Stocks on Wall Street staged a huge on Tuesday after falling to start the week on Monday. With a move over 100 points, Tuesday marked the 18th time in 27 sessions this year that the blue chip index has gained or lost more than 100 points in a day.
First, the scoreboard:
Dow: 17,868.7, +139.6, (+0.8%)
S&P 500: 2,068.6, +21.9, (+1.1%)
Nasdaq: 4,787.7, +61.6, (+1.3%)
And now, the top stories on Tuesday:
1. The market was focused on Greece. Again. On Tuesday, one EU official told news agency MNI that the situation in Greece is "berserk" and said "the Greeks are digging their own graves." Speaking before Greek parliament on Tuesday, Greek finance minister Yanis Varoufakis said that Greece isn't seeking a clash with its creditors, but added that, "you're not negotiating if you've ruled it out." More headlines out of Greece are expected tomorrow are the eurozone's finance ministers are set to meet.
2. Credit Suisse downgraded its outlook for the S&P 500, taking its mid-year and year-end price targets down to 2,100 and 2,150, respectively. The firm had previously forecast the S&P 500 to hit 2,200 at year-end and 2,250 in the middle of this year. In a note to clients, Credit Suisse analyst Andrew Garthwaite outlined four things that stood as near-term red flags for the stock market, including the situation in Greece, which Garthwaite said he expects could drag on into July.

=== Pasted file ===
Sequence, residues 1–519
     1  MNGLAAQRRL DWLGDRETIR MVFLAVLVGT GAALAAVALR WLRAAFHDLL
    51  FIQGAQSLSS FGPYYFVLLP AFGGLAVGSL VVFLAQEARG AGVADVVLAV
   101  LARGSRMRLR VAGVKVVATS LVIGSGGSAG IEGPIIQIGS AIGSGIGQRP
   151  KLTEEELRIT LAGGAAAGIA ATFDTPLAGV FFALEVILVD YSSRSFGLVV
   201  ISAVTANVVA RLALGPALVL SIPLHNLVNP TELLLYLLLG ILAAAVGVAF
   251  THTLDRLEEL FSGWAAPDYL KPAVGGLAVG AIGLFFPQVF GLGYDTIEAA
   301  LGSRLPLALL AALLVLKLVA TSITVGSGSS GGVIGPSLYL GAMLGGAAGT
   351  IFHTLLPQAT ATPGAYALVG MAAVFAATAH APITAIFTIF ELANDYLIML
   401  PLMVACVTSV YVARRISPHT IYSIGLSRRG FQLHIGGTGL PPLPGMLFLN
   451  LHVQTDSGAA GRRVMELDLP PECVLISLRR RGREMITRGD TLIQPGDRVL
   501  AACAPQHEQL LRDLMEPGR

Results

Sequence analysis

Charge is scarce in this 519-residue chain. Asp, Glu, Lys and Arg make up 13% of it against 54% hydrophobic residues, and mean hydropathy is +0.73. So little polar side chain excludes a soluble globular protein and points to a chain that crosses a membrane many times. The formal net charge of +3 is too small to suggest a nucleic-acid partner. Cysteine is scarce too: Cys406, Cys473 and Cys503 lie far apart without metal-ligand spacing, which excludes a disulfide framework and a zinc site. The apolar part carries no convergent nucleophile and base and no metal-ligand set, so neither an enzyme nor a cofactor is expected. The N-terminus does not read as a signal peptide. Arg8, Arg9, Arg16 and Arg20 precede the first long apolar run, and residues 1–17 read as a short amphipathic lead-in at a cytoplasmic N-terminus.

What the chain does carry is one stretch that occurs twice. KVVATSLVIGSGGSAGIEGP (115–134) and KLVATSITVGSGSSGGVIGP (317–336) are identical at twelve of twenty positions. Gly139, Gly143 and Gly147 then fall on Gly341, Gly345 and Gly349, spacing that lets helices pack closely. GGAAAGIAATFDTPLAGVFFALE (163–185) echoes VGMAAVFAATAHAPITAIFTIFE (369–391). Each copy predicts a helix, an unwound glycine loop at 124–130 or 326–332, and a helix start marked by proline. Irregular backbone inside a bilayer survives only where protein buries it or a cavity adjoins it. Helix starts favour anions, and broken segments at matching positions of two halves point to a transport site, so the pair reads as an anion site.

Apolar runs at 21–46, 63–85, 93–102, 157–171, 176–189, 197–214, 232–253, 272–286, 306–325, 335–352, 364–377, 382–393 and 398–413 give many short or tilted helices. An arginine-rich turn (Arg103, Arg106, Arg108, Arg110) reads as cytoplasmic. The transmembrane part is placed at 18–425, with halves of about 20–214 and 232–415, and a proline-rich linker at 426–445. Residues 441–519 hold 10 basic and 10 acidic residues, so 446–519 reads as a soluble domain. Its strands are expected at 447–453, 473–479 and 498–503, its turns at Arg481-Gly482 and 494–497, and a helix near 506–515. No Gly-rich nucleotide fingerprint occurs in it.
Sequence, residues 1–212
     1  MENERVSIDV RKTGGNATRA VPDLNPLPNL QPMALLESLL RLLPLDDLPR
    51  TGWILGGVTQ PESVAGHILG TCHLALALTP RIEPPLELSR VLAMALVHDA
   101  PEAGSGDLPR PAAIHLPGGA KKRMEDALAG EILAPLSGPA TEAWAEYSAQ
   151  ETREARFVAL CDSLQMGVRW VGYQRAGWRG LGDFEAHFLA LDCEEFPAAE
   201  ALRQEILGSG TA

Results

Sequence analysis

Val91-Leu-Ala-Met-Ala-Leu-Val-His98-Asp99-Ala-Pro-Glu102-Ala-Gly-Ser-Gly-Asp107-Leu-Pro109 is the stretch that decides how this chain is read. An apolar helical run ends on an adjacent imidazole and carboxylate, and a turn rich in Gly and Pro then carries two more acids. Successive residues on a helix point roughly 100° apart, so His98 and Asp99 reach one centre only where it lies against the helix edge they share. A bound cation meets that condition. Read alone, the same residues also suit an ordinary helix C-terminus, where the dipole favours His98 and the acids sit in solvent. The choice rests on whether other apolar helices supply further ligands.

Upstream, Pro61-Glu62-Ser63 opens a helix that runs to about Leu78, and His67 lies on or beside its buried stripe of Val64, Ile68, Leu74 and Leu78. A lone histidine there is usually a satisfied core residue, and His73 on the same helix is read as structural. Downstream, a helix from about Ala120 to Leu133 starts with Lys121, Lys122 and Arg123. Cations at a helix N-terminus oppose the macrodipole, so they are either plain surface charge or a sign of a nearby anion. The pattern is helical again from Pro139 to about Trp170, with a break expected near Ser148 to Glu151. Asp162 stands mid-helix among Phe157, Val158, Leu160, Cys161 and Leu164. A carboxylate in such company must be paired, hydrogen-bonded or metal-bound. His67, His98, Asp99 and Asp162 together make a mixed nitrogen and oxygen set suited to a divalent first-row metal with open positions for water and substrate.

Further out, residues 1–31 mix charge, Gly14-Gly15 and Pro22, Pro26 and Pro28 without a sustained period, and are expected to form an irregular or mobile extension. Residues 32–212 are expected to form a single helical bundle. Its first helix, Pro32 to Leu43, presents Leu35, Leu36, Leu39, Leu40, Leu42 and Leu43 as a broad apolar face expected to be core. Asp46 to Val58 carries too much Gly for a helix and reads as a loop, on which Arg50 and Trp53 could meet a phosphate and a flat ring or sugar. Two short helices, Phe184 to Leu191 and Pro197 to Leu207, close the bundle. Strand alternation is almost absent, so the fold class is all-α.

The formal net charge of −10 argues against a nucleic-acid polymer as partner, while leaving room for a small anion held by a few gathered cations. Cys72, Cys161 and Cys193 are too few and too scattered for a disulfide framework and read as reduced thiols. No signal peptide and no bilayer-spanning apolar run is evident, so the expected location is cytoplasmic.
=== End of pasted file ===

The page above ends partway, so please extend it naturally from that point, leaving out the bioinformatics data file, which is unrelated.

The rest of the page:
3. Oil had a terrible day on Tuesday, with West Texas Intermediate crude prices falling as much as 5% and briefly falling below $50 a barrel as the market continues to feel out whether the recent gains seen in crude are signs of a meaningful bottom or just a "dead cat bounce."
4. There are more oil cuts coming in the oil space. A report from the Houston Business Journal on Tuesday said that oil giant Halliburton will lay off up to 6,500 employees. In a statement provided to the HBJ, a Halliburton spokesperson said, "We've already taken initial steps to address headcount internationally. And as activity in North America begins to fall more sharply, we will make similar adjustments here as well."
5. Job openings rose to their highest level since January 2001 according to the latest job openings and labor turnover survey report from the BLS. The JOLTS report showed that job openings in December were more than 5 million, their highest in mor than a decade, as signs of improvement in the labor market continue to roll in.
6. We're still a ways away from the 2016 presidential election, but markets are already eyeing up the presumed frontrunners, and in a note to clients on Tuesday, Greg Valliere at Potomac Research outlined three reasons why markets would like a President Hillary Clinton.